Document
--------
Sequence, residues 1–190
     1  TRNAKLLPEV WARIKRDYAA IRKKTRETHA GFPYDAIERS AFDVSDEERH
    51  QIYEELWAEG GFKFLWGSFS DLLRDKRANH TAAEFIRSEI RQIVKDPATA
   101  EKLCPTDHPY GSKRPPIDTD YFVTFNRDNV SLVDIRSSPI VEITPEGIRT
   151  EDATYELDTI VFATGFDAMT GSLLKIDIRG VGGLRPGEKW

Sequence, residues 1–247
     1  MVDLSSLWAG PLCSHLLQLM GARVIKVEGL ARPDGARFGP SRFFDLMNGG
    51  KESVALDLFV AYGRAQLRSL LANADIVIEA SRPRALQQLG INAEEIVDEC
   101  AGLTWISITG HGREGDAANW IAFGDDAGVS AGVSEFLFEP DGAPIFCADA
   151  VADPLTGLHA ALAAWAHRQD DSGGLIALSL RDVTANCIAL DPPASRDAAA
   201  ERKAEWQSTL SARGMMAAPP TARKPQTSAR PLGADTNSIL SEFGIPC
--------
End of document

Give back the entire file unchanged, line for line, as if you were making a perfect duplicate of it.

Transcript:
Sequence, residues 1–190
     1  TRNAKLLPEV WARIKRDYAA IRKKTRETHA GFPYDAIERS AFDVSDEERH
    51  QIYEELWAEG GFKFLWGSFS DLLRDKRANH TAAEFIRSEI RQIVKDPATA
   101  EKLCPTDHPY GSKRPPIDTD YFVTFNRDNV SLVDIRSSPI VEITPEGIRT
   151  EDATYELDTI VFATGFDAMT GSLLKIDIRG VGGLRPGEKW

Sequence, residues 1–247
     1  MVDLSSLWAG PLCSHLLQLM GARVIKVEGL ARPDGARFGP SRFFDLMNGG
    51  KESVALDLFV AYGRAQLRSL LANADIVIEA SRPRALQQLG INAEEIVDEC
   101  AGLTWISITG HGREGDAANW IAFGDDAGVS AGVSEFLFEP DGAPIFCADA
   151  VADPLTGLHA ALAAWAHRQD DSGGLIALSL RDVTANCIAL DPPASRDAAA
   201  ERKAEWQSTL SARGMMAAPP TARKPQTSAR PLGADTNSIL SEFGIPC